EBLIP chat: Day 15 – A halfway check-in

I’m not putting myself in front of a camera today. The last three to four days have been full-on with the little guy, limiting time for self-care and re-charging to almost nil. Not to mention another croup scare last night. Though mild (‘spasmodic croup’) this time, thankfully. But every time I hear a croup cough now, my entire body goes on alert and anxiety is enough to erode sleep.

So instead of a video, I thought I’d check in, since it’s now halfway through #blogjune to take stock of where this video series challenge is at and where to from here.

Where is the EBLIP chat at?

So far, I have briefly discussed what evidence-based library and information practice (EBLIP) is with a few definitions and its origins, teased out what is meant by each type of evidence in the current model as well as ‘best available’. I have provided an overview of the 5A’s process and in the last two videos, a few tips on getting started with being an evidence-based library and information professional.

An overview of EBLIP

The current EBLIP model – its definitions and process, can certainly make sense on their own. But they represent an ideal or a guide. According to recent research, a library organisation is yet to be found operating, or living up completely to this ideal. The EBLIP model gives us a framework within which to structure thinking, decision making and service improvements. Implementing this ‘way of being’ as a library organisation or professional is not straightforward, linear, simple or easy. And that’s okay. That’s why empirical research is undertaken. If we can understand what evidence-based practice looks like in different contexts and identify more practical implementation strategies, our profession can make the most of evidence-based practice.

Where to from here?

For the remaining of the video series, I’d like to tackle a few challenges I tend to see with implementing evidence-based practice, then delve into some organisational issues such as the recently published maturity model research, purposes of evidence, an overview of the EBLIP workshop materials I have available and evidence-based practice during COVID19.

Goal = 25 videos

Going into this #blogjune video series challenge, I set a goal of 25 videos out of 30 days. A video for each day was completely unrealistic but I’ve aimed to get close. I have planned content for 30 videos but given how I’m feeling right now, I think I’ll be taking up some of that flexibility. The remaining planned content can be put into video format, or written blog posts following the challenge. So no loss there.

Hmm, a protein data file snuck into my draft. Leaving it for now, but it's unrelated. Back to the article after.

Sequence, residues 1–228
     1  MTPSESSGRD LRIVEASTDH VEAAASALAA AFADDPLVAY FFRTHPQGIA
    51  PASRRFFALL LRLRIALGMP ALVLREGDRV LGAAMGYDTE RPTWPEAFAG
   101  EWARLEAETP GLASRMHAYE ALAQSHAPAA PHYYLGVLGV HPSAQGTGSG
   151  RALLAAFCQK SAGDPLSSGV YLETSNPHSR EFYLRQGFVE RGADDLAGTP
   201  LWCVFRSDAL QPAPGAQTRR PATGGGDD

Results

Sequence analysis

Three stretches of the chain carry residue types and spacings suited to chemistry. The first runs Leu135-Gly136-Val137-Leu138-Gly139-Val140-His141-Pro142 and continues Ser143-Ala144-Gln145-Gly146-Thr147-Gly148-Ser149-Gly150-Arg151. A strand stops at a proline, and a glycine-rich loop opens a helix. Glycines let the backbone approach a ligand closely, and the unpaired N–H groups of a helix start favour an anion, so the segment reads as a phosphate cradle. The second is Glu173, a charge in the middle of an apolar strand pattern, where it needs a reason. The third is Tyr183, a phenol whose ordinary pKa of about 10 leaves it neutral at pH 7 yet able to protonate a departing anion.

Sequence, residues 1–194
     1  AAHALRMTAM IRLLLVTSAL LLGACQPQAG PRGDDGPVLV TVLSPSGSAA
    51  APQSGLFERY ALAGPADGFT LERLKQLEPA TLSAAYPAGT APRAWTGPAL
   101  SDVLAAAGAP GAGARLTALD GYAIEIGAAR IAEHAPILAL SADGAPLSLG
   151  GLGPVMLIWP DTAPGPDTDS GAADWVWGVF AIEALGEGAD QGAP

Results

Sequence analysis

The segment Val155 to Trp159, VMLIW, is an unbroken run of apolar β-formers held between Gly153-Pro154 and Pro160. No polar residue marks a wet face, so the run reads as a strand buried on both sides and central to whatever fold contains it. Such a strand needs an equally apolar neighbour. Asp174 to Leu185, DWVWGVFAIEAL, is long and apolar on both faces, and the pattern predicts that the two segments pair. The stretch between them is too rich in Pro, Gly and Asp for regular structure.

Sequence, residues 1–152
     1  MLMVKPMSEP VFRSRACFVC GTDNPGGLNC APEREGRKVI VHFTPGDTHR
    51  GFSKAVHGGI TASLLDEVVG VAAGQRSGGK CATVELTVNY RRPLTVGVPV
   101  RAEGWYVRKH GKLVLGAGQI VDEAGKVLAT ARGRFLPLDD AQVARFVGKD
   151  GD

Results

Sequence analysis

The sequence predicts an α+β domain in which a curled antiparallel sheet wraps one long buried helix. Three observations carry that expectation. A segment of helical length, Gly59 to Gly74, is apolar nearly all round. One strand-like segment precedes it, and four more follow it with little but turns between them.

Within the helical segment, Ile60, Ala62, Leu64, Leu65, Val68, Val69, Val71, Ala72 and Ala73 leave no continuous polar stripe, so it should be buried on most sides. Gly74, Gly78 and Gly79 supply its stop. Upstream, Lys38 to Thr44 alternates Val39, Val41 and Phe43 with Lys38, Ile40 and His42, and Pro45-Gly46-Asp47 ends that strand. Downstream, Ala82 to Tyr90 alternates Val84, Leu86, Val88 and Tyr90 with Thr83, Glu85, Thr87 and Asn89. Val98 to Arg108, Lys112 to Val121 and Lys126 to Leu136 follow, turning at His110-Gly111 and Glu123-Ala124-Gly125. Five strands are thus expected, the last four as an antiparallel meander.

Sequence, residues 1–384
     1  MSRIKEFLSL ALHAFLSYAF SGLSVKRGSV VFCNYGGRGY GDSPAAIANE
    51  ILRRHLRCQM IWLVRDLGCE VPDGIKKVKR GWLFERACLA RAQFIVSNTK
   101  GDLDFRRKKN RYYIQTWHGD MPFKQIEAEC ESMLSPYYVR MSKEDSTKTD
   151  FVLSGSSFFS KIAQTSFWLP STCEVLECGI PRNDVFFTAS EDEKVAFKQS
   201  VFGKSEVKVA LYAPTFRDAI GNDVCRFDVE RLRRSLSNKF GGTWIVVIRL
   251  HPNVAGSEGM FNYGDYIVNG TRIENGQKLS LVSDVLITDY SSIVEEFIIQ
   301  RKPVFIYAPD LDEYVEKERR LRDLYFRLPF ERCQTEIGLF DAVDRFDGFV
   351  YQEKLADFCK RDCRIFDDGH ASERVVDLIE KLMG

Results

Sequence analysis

I am enjoying putting the video series together however. #blogjune has been a fabulous opportunity to put what I’ve learned about EBLIP over the last 10 years out into the world, in the hope that I help other LIS professionals and organisations in some way or another. The limited time that comes with #blogjune means that it goes into content production and not so much on worrying about how scary and uncomfortable doing this is for me. Also, this challenge is helping me to find where my limit is as a Mum, in terms of how much I can put on my plate or take on day-to-day, week-to-week.

The video-making process

The video-making process is currently in four parts, spread across my day.

Prepare speaking notes and slides

First of all, I reflect upon the topic and draft up three to four points. I also create whatever slides I might need to insert into the video. I might get this done before Mr N is up for the day, or first thing at nap time. When Mr N is down for his nap (and the light is fairly bright), I race to the bathroom to do a quick checkover to make sure I haven’t got his lunch on either myself or my clothes and add a bit of lippy. Then I set up a corner of a room and rehearse once or twice to make sure the points flow.

Record and edit the video

I limit myself to three takes, then I’m off for editing. Airdrop isn’t working for some reason at the moment and the video can take a while to upload to my iCloud. After the first few days, editing is actually the quickest part of the production process. I have a few standard edits and additions, such as slides, then export to computer files. I’m finding uploading to Youtube quicker this way, than directly from iMovie.

Upload the video to Youtube

After uploading to Youtube and inputting the video details, I hit publish. Youtube takes a little while to automatically create the transcript. I tend to do this step in the late afternoon when the hubby is mucking around with Mr N for a bit.

Create and publish the blog post

I do the last couple of steps once Mr N is down for the night and the hubby is cooking dinner (or after dinner). I edit the Youtube transcript (my name is apparently ‘Alexa’ 😉 ), create the blog post, copy and paste, tidy up, add the references and links then it’s published (and pushed onto Twitter via WordPress).


This challenge really has brought me out of my comfort zone. I’m almost completely new to producing and publishing video content. So I thank you for bearing with me and being patient as I learn new tools and find my groove. If anyone has any video-making hacks they’d like to share, I’m all ears!

Questions?

If you have any questions about evidence-based library and information practice, please get in contact. I’d love the opportunity to shed light on some aspect, or tackle an implementation problem.

Take care. Cheers.

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